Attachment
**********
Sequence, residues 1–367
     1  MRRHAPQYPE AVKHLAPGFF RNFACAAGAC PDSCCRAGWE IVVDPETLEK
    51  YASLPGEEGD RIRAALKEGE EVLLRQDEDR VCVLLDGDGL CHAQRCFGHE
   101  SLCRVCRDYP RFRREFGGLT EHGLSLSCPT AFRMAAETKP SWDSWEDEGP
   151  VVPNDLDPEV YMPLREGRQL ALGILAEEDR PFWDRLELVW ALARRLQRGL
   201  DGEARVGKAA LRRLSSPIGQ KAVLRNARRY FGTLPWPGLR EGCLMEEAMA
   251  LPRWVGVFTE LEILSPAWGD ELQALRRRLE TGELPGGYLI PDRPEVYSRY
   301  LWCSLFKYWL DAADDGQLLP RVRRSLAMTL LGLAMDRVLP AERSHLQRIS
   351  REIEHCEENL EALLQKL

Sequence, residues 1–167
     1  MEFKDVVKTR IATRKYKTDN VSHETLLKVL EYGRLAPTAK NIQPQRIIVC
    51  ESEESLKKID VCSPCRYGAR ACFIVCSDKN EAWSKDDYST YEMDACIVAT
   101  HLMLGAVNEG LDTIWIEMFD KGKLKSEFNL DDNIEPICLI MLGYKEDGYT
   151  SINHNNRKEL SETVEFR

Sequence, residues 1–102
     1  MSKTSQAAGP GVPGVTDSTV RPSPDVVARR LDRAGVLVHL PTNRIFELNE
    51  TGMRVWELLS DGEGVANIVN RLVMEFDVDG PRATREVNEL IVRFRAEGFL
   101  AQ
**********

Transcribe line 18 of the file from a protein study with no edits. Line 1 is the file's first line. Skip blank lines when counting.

   101  AQ